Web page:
Why do ants bite? Do both male and female ants have stingers? Do ants sleep? What do they do in the winter? In this episode we learn all about the fascinating world of ants with Brian Fisher, curator of entomology at the California Academy of Sciences. Fisher has identified about 1000 different species of ants!
You may not think much about them, but ants are pretty amazing creatures. For one thing, there are trillions of them, maybe even a quadrillion!!! There are WAY more ants than humans. There are as many as 30,000 different species and these insects live almost everywhere in the world—even in the Arctic there are ants. The only continent that doesn’t have ants is Antarctica. Not all the ants around you are native species. Some are invasive—meaning they came from somewhere else and can cause problems for the plants and animals that come from, or have evolved in a specific place.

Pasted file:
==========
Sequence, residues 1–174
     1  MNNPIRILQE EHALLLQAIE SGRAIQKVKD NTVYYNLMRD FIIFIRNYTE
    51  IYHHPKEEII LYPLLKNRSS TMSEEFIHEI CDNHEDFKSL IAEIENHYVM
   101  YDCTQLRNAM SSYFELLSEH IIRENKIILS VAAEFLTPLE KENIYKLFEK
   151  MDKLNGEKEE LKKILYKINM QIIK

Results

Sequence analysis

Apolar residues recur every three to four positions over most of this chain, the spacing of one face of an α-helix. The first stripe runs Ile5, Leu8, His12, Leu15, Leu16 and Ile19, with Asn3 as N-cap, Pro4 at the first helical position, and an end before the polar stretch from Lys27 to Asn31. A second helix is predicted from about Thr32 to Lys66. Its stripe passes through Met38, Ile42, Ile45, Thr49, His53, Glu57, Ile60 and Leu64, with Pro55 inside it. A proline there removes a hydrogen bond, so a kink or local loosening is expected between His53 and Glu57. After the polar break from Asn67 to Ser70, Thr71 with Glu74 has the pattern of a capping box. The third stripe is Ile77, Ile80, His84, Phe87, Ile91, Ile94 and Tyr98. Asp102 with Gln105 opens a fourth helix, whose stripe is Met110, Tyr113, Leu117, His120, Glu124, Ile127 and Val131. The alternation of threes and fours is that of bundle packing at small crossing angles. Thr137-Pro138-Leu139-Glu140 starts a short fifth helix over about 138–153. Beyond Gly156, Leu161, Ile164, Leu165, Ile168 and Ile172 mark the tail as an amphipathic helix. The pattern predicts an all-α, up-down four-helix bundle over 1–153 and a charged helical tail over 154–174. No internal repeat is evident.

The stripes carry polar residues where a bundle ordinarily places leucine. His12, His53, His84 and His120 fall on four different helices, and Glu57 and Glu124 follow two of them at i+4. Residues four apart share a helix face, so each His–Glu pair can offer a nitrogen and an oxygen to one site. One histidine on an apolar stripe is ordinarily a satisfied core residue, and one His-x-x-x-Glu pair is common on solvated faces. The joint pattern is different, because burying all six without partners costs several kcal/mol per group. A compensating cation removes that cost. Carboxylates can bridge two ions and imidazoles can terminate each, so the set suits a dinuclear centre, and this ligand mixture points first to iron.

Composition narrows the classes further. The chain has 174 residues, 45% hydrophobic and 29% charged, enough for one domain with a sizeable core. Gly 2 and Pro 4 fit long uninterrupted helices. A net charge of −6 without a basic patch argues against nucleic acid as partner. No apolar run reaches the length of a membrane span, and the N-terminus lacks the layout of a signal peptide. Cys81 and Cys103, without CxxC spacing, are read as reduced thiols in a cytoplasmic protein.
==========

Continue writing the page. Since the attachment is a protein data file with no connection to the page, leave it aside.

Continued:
The largest ant is about two inches long, but most are much much smaller. And they live in colonies where all the work together to make the colony survive.
Brian Fisher is a myrmecologist, someone who studies ants. He says when you see an ant, you're really only seeing one part of a larger organism.
"The only way to think of an ant is a colony," Fisher explains. "It's not the individual ant that's the ant, it's the colony that's an ant. It's like a tree. You don't think of the leaf as a tree; it's everything, the trunk, the branches, the leaves. Same with an ant colony. It's all working together that makes it an organism, the ant colony."
In this episode we'll learn some fascinating things about ants, including how queens feed their wing muscles to their first brood of larvae, why the "stomach" of the ant colony is the larvae, the only ants in the colony that can actually digest solid food, and how ants survive cold winters.
To get help identifying ants, you can post photos and ask for identification assistance at iNaturalist.